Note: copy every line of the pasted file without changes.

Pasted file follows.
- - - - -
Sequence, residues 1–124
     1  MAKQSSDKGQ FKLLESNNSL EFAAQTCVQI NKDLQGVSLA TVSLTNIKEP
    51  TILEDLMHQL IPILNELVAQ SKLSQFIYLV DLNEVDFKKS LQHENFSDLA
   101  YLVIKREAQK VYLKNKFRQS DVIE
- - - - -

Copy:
Sequence, residues 1–124
     1  MAKQSSDKGQ FKLLESNNSL EFAAQTCVQI NKDLQGVSLA TVSLTNIKEP
    51  TILEDLMHQL IPILNELVAQ SKLSQFIYLV DLNEVDFKKS LQHENFSDLA
   101  YLVIKREAQK VYLKNKFRQS DVIE